With a glance over each shoulder to make sure a bass fishing buddy wasn’t hiding behind a bush I took up the noodly rod and funny looking reel. After some instruction from Eric I was sufficiently beating the water to death with my rod, the line and the fly. It turns out I have a very unique fly-casting style. Eric described it as “unconventional” while my son depicted it as “having a seizure.” After an hour or so, I started to get the hang of it and actually caught a fish! Well…fish is a bit generous. “Fingerling”, “baby” or even “bait” would be more fitting. But I had caught it!
The tug on the end of that long rod ignited something deep in my soul. As the fish struggled, I had the desire to shop at an Orvis shop instead of Wal-Mart’s tackle section. As the net slipped over the small, beautiful brown trout I got a craving for Earl Grey tea instead of my ever-present Red Bull. As I cupped the small salmonid in my hands and watched the cold, clear water rush over him (her?) I even thought of trading in my Merle Haggard CD’s for some soft jazz. Was I becoming a fly fisherman?
Of course not. That would be silly.
I was, however, having a great time on the water. Eric turned out to be a perfect guide and handled the drift boat like he was born behind the oars. I took a turn in the front of the boat and as we rounded a bend I saw we were rocketing toward a tree jutting out over the water. Rocketing may be a bit of an exaggeration but it felt like the tree was coming awfully fast. Digging deep into my memory I picked through the useless Simpson’s trivia, song lyrics, and the phone number to my childhood home and found the old, worn shoebox labeled “geometry.” I tried to remember enough of that math hocus-pocus to use current speed, course of travel and some sort of formula to determine if our paths would converge and I should dive overboard before being decapitated by the tree. As I sat in the boat with a dopey look on my face and smoke emanating from my ears in concentration, Eric slowly dropped one oar in the water, tugged on the other and the tree passed harmlessly by, a foot from the boat. As I slowly turned, my face white from my near-death experience, Eric slowly grinned and told me, “That was a pretty good hole we just passed.” The rest of the trip passed without any scenes from the movie Final Destination playing out.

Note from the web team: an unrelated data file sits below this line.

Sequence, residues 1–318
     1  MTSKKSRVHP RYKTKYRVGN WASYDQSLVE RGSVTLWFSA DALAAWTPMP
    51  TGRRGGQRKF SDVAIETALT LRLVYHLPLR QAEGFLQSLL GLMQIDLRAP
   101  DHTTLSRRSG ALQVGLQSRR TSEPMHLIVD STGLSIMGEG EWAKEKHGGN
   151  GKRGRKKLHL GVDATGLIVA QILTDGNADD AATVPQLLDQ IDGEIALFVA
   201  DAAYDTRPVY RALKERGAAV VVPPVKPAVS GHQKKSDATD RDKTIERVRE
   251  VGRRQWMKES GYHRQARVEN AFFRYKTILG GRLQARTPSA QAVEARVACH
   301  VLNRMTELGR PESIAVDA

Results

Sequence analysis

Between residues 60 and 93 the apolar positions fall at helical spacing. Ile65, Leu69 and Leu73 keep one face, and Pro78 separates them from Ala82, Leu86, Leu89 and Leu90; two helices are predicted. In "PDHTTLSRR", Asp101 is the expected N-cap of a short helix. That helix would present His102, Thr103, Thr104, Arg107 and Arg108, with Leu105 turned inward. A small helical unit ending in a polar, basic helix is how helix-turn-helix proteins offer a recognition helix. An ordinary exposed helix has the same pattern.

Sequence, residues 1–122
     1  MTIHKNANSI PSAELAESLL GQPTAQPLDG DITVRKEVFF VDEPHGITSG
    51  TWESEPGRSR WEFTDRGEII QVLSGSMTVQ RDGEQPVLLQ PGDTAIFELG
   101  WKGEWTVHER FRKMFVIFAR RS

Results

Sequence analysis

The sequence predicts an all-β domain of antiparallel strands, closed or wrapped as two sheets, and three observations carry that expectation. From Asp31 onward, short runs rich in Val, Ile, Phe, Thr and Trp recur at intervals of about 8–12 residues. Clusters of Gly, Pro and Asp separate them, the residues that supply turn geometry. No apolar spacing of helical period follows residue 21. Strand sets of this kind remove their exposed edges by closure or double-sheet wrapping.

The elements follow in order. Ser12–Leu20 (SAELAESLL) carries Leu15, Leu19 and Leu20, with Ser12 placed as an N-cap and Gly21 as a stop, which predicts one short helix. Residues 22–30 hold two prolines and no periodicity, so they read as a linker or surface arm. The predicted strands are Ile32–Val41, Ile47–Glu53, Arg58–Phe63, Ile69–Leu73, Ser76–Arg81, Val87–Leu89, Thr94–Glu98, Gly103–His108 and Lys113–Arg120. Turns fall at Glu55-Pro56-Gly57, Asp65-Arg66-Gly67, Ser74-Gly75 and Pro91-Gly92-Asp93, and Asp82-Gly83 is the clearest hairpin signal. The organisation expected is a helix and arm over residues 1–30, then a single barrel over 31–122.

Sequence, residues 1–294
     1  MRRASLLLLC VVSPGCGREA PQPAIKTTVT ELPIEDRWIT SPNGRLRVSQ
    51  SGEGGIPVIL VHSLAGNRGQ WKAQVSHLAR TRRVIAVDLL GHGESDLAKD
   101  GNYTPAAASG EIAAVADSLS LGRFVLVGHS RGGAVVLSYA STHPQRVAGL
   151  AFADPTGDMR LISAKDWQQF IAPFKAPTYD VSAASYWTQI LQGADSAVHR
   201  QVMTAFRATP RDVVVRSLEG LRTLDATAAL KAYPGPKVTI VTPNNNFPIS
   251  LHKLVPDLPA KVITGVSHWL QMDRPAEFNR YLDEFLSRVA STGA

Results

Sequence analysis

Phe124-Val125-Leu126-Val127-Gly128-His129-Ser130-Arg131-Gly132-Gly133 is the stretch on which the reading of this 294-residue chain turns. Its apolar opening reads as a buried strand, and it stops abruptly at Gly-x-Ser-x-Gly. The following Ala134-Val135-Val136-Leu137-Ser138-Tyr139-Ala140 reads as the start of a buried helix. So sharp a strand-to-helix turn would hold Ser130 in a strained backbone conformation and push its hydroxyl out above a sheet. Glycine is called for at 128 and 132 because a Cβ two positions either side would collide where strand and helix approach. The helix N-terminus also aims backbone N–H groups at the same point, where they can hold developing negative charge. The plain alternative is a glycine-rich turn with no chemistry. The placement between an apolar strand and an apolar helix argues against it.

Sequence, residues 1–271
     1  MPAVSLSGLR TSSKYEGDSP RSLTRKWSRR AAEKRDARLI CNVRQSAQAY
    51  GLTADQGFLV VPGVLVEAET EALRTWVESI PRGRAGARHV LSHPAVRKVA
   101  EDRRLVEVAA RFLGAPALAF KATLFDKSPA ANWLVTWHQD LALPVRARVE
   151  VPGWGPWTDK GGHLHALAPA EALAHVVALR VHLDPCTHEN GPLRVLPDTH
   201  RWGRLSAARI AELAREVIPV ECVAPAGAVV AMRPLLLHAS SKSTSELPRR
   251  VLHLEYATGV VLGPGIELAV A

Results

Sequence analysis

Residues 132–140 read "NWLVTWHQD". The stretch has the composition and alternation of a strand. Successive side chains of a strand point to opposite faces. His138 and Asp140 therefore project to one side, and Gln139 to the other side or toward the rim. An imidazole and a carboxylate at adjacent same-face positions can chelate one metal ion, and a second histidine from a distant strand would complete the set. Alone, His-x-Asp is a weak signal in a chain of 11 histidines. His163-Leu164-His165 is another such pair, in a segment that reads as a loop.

As we floated down the river everything seemed right with the world. If you’ve never been on the Pere Marquette River when the leaves are turning colors and transforming the landscape into a giant impressionist painting it needs to get pretty high on your bucket list. The weather was perfect, the company was excellent and even the fish were cooperating. The stress from my deployment floated down the river with all of the fallen leaves. Sharing the experience with my only son made an otherwise great trip the trip of a lifetime. As I sat in the back of the drift boat and watched my son excitedly catching fish I didn’t see a young man about to embark on his own military adventure. Instead, I saw a four year-old boy with skinned knees and a plastic Snoopy push-button fishing pole giggling at the worms we used as bait and screeching in pure happiness as he caught a tiny bluegill. At that exact moment I didn’t care about catching bass or trout, I didn’t care about fly rods or spinning reels. I didn’t even care about my service to our country. All I cared about was sharing that precise moment in time with my “little boy” in one of the most beautiful places on earth. For that, I will always be indebted to Eric Wentzloff and Flyin’ Heroes.
As I put the finishing touches on this blog entry my son…. my Combat Medic son… is only days away from boarding some beat up, reconditioned Bluebird school bus and making a trip to an Army airfield. By the time this reaches the interweb he will be in Afghanistan making his own memories and protecting the freedoms of every American (and even some Afghans). I am in for a lot of sleepless nights. Nobody worries about deployed soldiers as much as soldiers who have deployed, especially fathers. But as I put up my blue star flag in my front window I am comforted by the time I got to spend with my boy and the fact that a year from now he will be out on the river, casting that funny looking damn rod, with Eric at the oars and his proud dad in the back of the boat, smiling and ducking trees.
If you’re a veteran who wants to experience your own trip with this amazing organization visit their website here.
If you would like to donate to this organization and help them offer such a great service to those that have given so much, please click here.